1.3 Adverse effects of the blockade on cooperation with multilateral organizations
Under the Obama administration, the adverse effects of the blockade as part of the US’s policy against Cuba have increased in the framework of international multilateral organizations.
In January 2011, the US government seized 4,207,000 dollars of funding from the Global Fund to Fight AIDS, Tuberculosis and Malaria earmarked for the implementation of cooperation projects with Cuba to combat HIV/AIDS and tuberculosis.
This deliberate act to prevent the implementation of three projects whose significant impact on the affected population is well known has absolutely no legitimacy or foundations other than to continue to harden the policy of blockade in one of the most vulnerable sectors for the Cuban government and people.
Cuba has condemned this measure as an illegal action that also has aims to seriously hinder international cooperation provided by the United Nations System through its agencies, funds and programs. This action is even more significant given that it affects funds earmarked for HIV/AIDS and tuberculosis training, prevention and patient assistance, especially to buy medicine, antiretrovirals and food. The Cuban government and the international community have prioritized their greatest efforts towards eradicating these pandemic diseases as part of fulfilling one of the Millennium Development Goals.
As a result of Cuba’s formal complaint, the US Department of the Treasury decided to issue a general license in May 2011 to release these funds that are set to expire on June 30, 2015. Nevertheless, even with this decision, the US government is —arbitrarily and selectively— allocating itself the right to control resources destined for Cuba via multilateral cooperation.
In another incident, Cuba could not purchase an inductively coupled plasma mass spectrometer at a cost of 193,000 dollars that was required as part of a project implemented by the International Atomic Energy Agency (IAEA) “Strengthening Official Control of Chemical Residues and Contaminants in Fishery Products, CUB/5/018.” This piece of equipment is used in the fishery industry to verify and guarantee the quality and innocuousness of all fishing products and for the control of chemical residuals and contaminants in aquaculture products.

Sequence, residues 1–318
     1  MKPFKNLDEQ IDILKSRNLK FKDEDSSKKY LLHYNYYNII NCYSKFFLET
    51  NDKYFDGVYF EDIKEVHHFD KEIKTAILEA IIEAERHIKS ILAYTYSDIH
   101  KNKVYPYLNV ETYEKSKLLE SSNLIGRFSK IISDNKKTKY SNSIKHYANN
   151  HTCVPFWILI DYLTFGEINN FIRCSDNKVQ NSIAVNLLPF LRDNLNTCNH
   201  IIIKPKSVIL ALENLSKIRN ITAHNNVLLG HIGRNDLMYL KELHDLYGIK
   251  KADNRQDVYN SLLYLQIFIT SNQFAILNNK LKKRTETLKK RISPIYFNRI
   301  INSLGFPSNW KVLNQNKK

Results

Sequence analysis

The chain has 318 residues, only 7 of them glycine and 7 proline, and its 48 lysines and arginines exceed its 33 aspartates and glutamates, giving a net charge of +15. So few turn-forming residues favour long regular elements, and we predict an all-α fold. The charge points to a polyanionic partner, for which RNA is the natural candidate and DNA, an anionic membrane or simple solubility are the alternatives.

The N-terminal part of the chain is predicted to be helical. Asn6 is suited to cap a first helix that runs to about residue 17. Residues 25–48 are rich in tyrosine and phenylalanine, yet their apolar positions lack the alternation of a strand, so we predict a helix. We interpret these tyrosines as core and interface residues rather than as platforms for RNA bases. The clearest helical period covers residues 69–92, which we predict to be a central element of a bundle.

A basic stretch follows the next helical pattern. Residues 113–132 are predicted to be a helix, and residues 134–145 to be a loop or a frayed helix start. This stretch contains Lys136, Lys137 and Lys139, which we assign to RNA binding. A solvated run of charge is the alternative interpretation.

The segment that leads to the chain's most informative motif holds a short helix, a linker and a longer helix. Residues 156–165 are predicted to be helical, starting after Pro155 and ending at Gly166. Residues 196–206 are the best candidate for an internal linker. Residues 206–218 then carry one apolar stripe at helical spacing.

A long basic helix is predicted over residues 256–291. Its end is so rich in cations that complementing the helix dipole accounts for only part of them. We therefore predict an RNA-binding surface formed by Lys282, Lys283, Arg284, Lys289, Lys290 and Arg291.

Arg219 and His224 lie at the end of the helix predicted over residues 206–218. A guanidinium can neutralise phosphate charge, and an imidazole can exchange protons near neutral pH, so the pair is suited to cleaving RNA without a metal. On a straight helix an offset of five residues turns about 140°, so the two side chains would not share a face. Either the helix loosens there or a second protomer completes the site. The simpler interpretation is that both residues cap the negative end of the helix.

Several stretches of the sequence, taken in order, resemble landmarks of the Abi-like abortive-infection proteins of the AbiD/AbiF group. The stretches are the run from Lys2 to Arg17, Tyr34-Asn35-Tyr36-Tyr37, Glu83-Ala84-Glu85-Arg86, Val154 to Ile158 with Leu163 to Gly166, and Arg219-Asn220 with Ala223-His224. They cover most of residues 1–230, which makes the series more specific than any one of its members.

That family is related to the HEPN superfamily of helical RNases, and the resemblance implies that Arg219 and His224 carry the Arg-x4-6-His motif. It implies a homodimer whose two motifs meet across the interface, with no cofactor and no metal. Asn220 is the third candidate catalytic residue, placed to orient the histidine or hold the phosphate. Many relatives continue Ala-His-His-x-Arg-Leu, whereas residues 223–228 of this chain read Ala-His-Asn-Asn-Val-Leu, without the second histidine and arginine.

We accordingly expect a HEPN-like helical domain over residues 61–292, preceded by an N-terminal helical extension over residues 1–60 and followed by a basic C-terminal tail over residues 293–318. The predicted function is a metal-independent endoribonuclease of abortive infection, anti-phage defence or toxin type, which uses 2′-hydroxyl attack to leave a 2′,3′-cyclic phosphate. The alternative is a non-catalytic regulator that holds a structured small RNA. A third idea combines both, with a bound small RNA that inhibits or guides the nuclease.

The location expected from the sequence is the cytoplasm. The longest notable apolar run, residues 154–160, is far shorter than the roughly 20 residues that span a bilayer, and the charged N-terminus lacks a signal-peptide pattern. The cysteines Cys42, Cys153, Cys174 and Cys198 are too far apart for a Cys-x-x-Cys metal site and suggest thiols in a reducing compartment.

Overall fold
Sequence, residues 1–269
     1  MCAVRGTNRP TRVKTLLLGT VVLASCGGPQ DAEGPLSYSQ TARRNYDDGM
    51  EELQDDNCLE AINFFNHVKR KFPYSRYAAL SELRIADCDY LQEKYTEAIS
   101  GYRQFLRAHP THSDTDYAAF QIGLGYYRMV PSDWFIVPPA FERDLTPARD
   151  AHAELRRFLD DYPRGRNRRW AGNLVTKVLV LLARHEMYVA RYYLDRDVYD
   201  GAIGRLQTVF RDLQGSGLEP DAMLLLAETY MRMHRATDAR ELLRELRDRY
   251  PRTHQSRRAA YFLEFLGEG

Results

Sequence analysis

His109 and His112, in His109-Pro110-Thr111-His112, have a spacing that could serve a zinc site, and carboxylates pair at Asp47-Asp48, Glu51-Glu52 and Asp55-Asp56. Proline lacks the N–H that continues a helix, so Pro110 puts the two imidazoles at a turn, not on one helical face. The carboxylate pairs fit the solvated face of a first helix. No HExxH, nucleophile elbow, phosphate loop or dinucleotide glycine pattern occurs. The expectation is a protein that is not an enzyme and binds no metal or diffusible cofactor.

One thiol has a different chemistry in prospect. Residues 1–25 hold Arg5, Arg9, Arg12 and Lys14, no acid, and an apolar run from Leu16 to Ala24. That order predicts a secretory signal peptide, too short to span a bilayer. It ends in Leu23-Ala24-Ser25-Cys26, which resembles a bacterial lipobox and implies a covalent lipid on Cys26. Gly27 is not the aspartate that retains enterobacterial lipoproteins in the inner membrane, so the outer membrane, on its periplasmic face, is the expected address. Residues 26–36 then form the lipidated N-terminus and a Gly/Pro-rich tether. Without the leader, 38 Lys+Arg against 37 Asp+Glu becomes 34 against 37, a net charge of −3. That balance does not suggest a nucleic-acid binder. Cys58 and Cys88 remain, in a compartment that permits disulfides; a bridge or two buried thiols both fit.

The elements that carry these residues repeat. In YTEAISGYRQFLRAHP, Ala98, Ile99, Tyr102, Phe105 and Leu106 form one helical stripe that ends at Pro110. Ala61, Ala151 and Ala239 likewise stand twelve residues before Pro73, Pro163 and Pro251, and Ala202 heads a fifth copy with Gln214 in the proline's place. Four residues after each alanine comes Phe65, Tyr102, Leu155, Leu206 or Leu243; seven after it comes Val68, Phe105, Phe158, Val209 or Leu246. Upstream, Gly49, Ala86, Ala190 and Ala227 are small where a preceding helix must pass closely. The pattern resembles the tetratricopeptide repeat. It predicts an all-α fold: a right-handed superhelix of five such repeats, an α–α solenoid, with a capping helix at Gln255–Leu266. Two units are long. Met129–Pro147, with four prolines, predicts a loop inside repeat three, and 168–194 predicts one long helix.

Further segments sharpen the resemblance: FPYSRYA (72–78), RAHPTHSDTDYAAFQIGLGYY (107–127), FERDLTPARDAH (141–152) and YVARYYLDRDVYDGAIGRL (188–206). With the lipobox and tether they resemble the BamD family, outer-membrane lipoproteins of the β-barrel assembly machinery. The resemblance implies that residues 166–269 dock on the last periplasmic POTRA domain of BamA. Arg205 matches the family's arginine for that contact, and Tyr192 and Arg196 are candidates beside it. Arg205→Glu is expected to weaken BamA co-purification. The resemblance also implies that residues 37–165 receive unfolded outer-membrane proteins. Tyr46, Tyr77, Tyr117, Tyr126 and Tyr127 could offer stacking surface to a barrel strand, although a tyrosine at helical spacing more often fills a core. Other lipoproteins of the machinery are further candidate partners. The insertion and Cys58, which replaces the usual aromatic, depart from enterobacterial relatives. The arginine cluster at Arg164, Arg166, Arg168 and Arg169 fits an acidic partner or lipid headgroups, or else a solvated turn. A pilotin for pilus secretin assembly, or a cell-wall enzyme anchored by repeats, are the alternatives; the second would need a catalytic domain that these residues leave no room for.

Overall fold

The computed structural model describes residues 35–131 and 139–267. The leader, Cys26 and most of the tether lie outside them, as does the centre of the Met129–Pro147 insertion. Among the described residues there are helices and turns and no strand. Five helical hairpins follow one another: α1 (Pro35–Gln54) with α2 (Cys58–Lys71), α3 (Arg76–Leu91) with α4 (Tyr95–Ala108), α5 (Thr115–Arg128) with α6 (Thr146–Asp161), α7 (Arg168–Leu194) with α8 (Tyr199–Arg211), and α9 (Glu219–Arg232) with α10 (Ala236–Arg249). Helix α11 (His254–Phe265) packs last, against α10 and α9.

As an alternative, the country has had to contract out large volumes of analytical services to foreign companies, which has caused significant difficulties especially related to high costs (70,000 dollars so far), sending samples and the possible risks of losing the confidentiality of the results.
Similarly, from late 2006, Swiss banks UBS and Credit Suisse, the holders of the bank accounts of the majority of the international organizations with headquarters in Geneva, have refused to directly receive bank transfers from Cuban institutions such as the Cuban Office for Industrial Property (OCPI) and other law firms with headquarters in Cuba, for payments to the World Intellectual Property Organization (WIPO) according to international treaties on registering and renewing Cuban patents and trademarks, or patents and trademarks with Cuban capital. Both banks have subordinated themselves to US orders and taken part in the application of extraterritorial laws.
As a result of this same policy, aimed at disrupting Cuban cooperation with international organizations, the Center for Environmental Research in the province of Cienfuegos (CEAC) was unable to buy the AXIOVISION software used to process microscopic images since it has US components. The CEAC had previously acquired a Carl Zeiss Axiovent-40 microscope (which relies on the AXIOVISION software to process the microscope’s images) through the IAEA financed project RLA 7/014 “Designing and Implementing Systems for Early Warning and Evaluation of the Toxicity of Harmful Algal Blooms in the Caribbean Region.”
The US Department of the Treasury froze 8,375 dollars earmarked to pay a foreign supplier of computer equipment and supplies contracted by the Cuban company EMED in the framework of a UNDP Local Human Development Project in the Cuban province of Pinar del Rio.
CHAPTER II: ADVERSE EFFECTS OF THE BLOCKADE ON THE MOST VULNERABLE SOCIAL SECTORS
2.1 Adverse effects in the areas of health care and food